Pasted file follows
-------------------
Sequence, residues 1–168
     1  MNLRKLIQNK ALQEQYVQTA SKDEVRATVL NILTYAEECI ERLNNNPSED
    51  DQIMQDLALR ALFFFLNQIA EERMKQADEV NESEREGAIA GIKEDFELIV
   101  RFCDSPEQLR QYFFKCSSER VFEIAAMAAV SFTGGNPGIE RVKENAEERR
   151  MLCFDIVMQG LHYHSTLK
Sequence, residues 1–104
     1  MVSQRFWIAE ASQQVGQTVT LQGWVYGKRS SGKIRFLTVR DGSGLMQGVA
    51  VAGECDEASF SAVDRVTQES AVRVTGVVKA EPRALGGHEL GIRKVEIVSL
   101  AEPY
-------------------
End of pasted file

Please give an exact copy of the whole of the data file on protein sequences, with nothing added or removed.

Sequence, residues 1–168
     1  MNLRKLIQNK ALQEQYVQTA SKDEVRATVL NILTYAEECI ERLNNNPSED
    51  DQIMQDLALR ALFFFLNQIA EERMKQADEV NESEREGAIA GIKEDFELIV
   101  RFCDSPEQLR QYFFKCSSER VFEIAAMAAV SFTGGNPGIE RVKENAEERR
   151  MLCFDIVMQG LHYHSTLK
Sequence, residues 1–104
     1  MVSQRFWIAE ASQQVGQTVT LQGWVYGKRS SGKIRFLTVR DGSGLMQGVA
    51  VAGECDEASF SAVDRVTQES AVRVTGVVKA EPRALGGHEL GIRKVEIVSL
   101  AEPY